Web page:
Using morphological and microsatellite analysis to investigate postglacial diversity in an isolated population of threespine stickleback, Gasterosteus aculeatus, in Nueltin Lake, Manitoba.

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Schroeder, Bethany Sarah
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Gasterosteus aculeatus (threespine stickleback) is a well-known model for behavioral and evolutionary studies. Rapid evolutionary radiations in postglacial timeframes have promoted distinct local populations with remarkable variation in biological characteristics. This study examines genetic and morphological variation among populations from the Thlewiaza watershed, specifically an isolated freshwater population in Nueltin Lake. Statistically significant genetic differences were observed using 11 microsatellite loci; FST values ranged from 0.29 (within watershed) to 0.48 (between watersheds) in comparison with the Nueltin Lake population. Gene flow between populations was likely inhibited due to isostatic rebound following the recent deglaciation of North America, 8.5 kya. In comparison with similar freshwater populations, the retention of defensive structures in G. aculeatus from Nueltin Lake was unexpected, and may reflect strong piscivorous predation pressures. Levels of differentiation, both genetic and morphological, observed in the Nueltin Lake population are highly significant, and should be recognised as a Designatable Unit (DU).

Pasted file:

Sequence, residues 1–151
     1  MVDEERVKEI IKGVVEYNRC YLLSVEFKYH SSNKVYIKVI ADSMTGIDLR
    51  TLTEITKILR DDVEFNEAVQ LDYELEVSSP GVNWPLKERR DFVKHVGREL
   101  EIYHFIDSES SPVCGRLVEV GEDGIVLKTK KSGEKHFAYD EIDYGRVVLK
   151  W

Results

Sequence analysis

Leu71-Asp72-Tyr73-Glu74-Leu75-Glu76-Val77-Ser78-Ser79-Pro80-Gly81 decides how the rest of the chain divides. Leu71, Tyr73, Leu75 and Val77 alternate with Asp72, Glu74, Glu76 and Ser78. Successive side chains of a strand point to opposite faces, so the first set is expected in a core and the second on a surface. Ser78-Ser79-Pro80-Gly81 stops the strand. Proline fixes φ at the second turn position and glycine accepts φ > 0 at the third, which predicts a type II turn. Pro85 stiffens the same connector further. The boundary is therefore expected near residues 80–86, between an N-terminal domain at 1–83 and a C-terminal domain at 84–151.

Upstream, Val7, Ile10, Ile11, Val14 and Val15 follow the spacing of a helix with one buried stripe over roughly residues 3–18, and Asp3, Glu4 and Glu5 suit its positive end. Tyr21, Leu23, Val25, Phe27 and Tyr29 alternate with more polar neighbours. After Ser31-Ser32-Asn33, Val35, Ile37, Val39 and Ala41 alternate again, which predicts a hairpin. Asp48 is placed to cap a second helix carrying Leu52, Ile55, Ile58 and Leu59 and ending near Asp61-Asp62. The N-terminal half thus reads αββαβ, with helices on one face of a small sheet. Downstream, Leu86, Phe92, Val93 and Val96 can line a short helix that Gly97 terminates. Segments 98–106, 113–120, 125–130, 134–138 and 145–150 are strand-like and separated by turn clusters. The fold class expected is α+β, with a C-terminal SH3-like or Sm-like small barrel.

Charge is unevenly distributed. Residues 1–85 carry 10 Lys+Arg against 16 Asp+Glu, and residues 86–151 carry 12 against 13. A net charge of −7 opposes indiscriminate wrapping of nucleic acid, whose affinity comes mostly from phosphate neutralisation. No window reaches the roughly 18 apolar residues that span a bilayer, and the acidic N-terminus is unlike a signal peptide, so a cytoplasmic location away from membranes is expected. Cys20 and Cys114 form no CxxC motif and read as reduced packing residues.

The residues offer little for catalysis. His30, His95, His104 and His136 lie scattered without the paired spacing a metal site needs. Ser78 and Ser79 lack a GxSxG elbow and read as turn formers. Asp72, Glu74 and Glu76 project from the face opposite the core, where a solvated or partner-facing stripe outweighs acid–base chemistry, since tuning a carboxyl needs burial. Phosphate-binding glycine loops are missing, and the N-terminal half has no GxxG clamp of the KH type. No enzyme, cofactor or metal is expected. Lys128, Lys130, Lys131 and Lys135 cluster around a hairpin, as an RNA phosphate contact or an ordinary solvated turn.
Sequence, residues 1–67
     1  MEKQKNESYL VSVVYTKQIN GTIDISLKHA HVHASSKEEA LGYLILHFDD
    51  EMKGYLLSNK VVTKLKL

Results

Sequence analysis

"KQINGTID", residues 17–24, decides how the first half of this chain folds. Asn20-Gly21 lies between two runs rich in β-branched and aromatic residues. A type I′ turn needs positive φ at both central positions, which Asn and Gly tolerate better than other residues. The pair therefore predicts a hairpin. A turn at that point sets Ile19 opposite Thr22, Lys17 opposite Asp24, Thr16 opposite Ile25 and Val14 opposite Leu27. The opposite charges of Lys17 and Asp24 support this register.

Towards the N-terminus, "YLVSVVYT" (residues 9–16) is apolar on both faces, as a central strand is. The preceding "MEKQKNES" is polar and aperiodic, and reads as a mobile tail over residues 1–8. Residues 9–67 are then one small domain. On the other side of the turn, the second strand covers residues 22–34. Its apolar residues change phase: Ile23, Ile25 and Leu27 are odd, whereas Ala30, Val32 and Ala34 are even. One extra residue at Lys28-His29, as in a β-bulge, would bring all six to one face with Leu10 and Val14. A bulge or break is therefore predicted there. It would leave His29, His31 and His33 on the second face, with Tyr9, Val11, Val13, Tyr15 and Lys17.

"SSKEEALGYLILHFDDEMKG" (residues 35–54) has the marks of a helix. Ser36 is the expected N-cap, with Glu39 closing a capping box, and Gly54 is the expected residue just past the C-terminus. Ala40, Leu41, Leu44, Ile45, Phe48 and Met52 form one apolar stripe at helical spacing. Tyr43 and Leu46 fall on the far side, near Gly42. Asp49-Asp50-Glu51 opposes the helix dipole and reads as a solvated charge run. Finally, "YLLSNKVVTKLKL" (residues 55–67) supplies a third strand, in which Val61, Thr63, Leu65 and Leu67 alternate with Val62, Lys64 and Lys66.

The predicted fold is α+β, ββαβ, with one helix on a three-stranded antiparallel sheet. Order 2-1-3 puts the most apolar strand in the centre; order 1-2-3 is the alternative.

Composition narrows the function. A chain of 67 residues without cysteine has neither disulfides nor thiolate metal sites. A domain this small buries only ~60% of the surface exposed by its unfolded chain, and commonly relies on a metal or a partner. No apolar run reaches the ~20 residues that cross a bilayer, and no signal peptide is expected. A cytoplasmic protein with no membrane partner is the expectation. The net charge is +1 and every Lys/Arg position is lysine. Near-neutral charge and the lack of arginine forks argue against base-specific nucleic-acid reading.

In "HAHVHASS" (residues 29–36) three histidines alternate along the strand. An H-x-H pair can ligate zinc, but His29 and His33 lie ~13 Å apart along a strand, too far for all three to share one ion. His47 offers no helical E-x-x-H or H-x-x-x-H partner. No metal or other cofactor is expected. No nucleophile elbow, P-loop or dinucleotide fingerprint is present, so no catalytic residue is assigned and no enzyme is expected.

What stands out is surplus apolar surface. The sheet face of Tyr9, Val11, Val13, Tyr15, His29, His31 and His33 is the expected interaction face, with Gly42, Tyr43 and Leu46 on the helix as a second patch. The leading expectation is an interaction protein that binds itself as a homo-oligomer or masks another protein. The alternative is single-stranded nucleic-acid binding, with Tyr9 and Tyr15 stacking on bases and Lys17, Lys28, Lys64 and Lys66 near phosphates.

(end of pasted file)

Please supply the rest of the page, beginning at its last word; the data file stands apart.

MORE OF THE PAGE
Gasterosteus aculeatus, Genetics, Morphology, Evolution, Manitoba, Nueltin Lake